The complicity of large numbers of German church leaders and ordinary German church members in the horror of what transpired in Germany under National Socialism (Nazism) between 1933 and 1945 should serve as a sobering warning and a timeless cautionary tale of what can happen when Christians of any era, confession or nationality lose their Christocentric focus of authority.
The dark tragedy of German Christianity under Hitler underscores dramatically what can happen when Christians allow their religious faith to be eviscerated by liberal theology or elevate their nationalism to the level of idolatry.
Unfettered by an orthodox and genuine faith in Christ, human beings are capable of horrific, if not unimaginable, deeds of evil against other men, evidence of the corruption of human nature (Ephesians 4:18-19).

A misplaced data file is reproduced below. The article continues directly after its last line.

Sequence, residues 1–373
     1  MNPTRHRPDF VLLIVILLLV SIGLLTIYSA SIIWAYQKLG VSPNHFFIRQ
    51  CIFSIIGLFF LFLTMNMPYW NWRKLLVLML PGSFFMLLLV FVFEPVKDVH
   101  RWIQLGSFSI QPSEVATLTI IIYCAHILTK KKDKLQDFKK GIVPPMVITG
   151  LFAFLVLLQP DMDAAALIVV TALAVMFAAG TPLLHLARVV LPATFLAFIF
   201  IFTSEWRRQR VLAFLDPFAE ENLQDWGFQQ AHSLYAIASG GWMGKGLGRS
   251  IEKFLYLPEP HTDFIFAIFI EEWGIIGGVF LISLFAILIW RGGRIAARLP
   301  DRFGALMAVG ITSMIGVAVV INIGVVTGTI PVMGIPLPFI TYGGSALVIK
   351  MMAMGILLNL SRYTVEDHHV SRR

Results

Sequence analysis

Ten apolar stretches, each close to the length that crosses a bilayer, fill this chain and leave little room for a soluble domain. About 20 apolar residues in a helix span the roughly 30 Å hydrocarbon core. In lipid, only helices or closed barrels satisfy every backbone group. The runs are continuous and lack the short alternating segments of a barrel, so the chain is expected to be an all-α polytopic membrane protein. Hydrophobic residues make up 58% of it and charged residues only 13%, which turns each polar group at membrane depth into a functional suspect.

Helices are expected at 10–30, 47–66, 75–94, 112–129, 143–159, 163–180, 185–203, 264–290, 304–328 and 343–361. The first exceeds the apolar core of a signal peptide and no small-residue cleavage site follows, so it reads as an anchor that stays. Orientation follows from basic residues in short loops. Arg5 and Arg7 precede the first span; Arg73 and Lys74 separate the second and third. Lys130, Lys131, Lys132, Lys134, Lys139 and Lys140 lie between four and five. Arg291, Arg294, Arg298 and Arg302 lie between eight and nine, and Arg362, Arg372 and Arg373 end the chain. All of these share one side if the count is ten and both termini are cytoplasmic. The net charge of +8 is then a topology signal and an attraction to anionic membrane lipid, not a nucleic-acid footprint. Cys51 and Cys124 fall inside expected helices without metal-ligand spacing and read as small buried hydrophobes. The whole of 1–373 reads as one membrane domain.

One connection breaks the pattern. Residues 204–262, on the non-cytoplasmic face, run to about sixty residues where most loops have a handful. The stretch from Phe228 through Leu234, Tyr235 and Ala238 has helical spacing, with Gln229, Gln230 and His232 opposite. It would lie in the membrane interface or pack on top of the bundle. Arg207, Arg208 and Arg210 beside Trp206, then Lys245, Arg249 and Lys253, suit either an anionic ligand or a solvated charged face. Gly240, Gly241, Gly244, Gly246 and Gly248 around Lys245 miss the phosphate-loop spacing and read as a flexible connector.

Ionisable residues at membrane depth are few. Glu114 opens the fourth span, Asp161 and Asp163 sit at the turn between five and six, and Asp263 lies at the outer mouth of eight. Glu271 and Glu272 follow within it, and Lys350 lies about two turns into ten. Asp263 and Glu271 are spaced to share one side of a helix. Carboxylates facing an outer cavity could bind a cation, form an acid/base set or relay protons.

We must resolve to remember the ugly lessons of the Holocaust and to do everything in our power to insure that such savagery never take place unchecked again. Yet remembrance without commitment to action in the present is inadequate.
We must commit afresh to raise our voices against anti-Semitism wherever and whenever it occurs. Jesus commands us to love our neighbors (Matthew 22:39). In God’s sight there is neither Jew nor Gentile, enslaved or free, male or female, for we are “all one in Christ Jesus” (Galatians 3:28). Each human being is of unique and inestimable value to God. Indeed, anti-Semitism is perhaps the most irrational of prejudices for followers of Jesus, Himself a Jew.